'He's going to break a lot of ankles:' Why Zay Flowers is the talk of Ravens camp

Martin: Lamar can 'quiet the criticism' with new-look Ravens offense (1:57)

Kimberley A. Martin and Ryan Clark examine how far the Ravens can go after bolstering their offense this offseason. (1:57)

OWINGS MILLS, Md. — Baltimore Ravens rookie wide receiver Zay Flowers darted a few steps to the middle of the field before making a hard pivot back to the sideline, leaving a defender in his wake. He was wide open when he caught the touchdown pass during the red zone practice earlier this week.

“He’s going to break a lot of ankles this year,” a team official said on the sideline.

Flowers, Baltimore’s first-round pick, has been the talk of Ravens training camp for his sleek route-running and his now-you-see-me, now-you-don’t moves in the open field. He’s making a franchise, which has never had a Pro Bowl wide receiver, begin to believe it might have landed the NFL’s offensive rookie of the year with the No. 22 overall pick.

After the first practice of training camp, quarterback Lamar Jackson nicknamed Flowers “joystick” after he juked past Pro Bowl middle linebacker Roquan Smith. After the third practice, offensive coordinator Todd Monken raved about Flowers’ dangerous playmaking ability.

The secret to why Flowers can continually get open is he tries to stay one step ahead, in everything. Flowers always wanted to put in the extra work, ever since he was 6 years old and was doing 100 push-ups for his father. He’s been just as motivated in his first months with the Ravens, whether it’s an extra throwing session with Jackson or more work in the weight room.

Flowers wants to be an important piece of the offense immediately, and he knows that starts with having a great rapport with Jackson. In the weeks leading up to training camp, Flowers texted Jackson to get together in South Florida, where he could run routes and get a better feel for how he throws the ball.

Flowers: “Yo, we going today?”

Jackson: “Yeah, 3 p.m.”

Flowers: “I’ll meet you at the field.”

The work didn’t stop when Flowers got to the Ravens facility. He asked the strength and conditioning coaches to schedule him two extra days of leg work. Flowers stands 5-foot-9, 182 pounds, but there’s a lot of power to his game. He believes strong legs make him so explosive on the field.

"Zay brings a unique personality to it,” Ravens coach John Harbaugh said. "He's full of energy. He's always ready to go, on point, works hard, does extra, wants to be as good as he can be every day, and he proves it by what he does.”

Teammates have been equally impressed with his maturity off the field.

"If you've ever had a chance to sit down and talk to him, he has a mindset that he's been in the league already for three years,” Ravens offensive tackle Morgan Moses said. “He's willing to ask questions; he's willing to soak it up and learn."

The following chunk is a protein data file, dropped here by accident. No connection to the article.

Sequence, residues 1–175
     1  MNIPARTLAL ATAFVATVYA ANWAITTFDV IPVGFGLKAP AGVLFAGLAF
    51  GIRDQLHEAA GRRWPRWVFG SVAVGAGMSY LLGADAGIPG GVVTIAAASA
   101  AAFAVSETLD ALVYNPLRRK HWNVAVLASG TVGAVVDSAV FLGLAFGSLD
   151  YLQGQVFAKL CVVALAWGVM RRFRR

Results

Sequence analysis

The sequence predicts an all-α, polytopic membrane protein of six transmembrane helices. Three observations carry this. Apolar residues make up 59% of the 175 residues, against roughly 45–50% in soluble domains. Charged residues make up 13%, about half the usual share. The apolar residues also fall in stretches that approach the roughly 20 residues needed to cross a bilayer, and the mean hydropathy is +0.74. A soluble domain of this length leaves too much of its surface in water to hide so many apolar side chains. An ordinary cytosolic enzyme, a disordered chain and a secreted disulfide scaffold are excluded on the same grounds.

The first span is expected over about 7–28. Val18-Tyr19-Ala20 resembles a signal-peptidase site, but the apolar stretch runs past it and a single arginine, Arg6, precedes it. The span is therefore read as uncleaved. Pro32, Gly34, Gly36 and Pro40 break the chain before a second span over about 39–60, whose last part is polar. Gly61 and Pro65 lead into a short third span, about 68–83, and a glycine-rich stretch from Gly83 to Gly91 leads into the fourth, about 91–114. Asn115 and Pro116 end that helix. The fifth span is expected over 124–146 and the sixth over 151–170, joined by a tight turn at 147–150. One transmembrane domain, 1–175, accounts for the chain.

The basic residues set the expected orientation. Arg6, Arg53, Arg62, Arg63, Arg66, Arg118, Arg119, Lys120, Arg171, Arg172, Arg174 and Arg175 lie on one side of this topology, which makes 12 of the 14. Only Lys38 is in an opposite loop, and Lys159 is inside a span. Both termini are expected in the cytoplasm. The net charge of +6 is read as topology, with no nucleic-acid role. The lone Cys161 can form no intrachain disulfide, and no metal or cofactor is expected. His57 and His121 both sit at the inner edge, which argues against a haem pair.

When the Ravens took Flowers in the first round, there was some risk involved. Baltimore’s most glaring need was cornerback, not wide receiver, especially after the team spent $18 million this offseason on Odell Beckham Jr. and Nelson Agholor. The Ravens have also struggled at finding top playmakers at that position, getting a total of two 1,000-yard seasons from 32 drafted wide receivers.

But the Ravens had Flowers as their top-rated wide receiver, a ranking that was cemented after one practice for the East West Shrine Bowl in late January. Ravens general manager Eric DeCosta asked director of college scouting David Blackburn how Flowers looked. Blackburn’s response: “Fast. Best guy there.”

Flowers has been putting on the same show in the first three weeks of training camp, continually getting open with his speed and cutting ability. A running back at the start of his high school career, he made the switch to wide receiver as sophomore and quickly learned what it took to become a great route-runner.

“You got to be a salesman,” Flowers said. “You got to be deceptive and quick.”

It’s been nearly impossible for Baltimore defenders to cover Flowers in one-on-one drills.

Safety Kyle Hamilton: “There’s not a lot of guys in the league that can stop and start like he can."

Cornerback Jalyn Armour-Davis: “Very quick. Very explosive — very.”

Defensive back Brandon Stephens: “Man, they didn’t give him the nickname ‘Joystick’ for no reason.”

Flowers’ biggest impact is what he can do after he makes the reception. Instead of running out of bounds or going to the ground, he is looking to make a move to gain more yards. Last season, Ravens wide receivers totaled 551 yards after the catch, fourth-fewest in the league.

"I always want to score. That's my goal,” Flowers said. “No matter what, at least get an extra 10 [yards] or go get a touchdown. I want to do something to help my team out because there's guys out there running down the field and blocking extra for me. The least I could do is go pick up a few more yards.”

Ravens officials have not been surprised by how Flowers puts extra effort in everything he does.

"I haven't come across many more impressive, face-to-face prospects that I've ever interviewed at the combine [in February] and then here in Baltimore,” DeCosta said. "His story, his resiliency, his ability to just succeed and handle things was really, really impressive.

“And so, it's kind of all those things. It's the ability and how he fits, what he's going to do on the field, but it's also his drive, his mentality, his grit, his growth mindset – all those types of things.”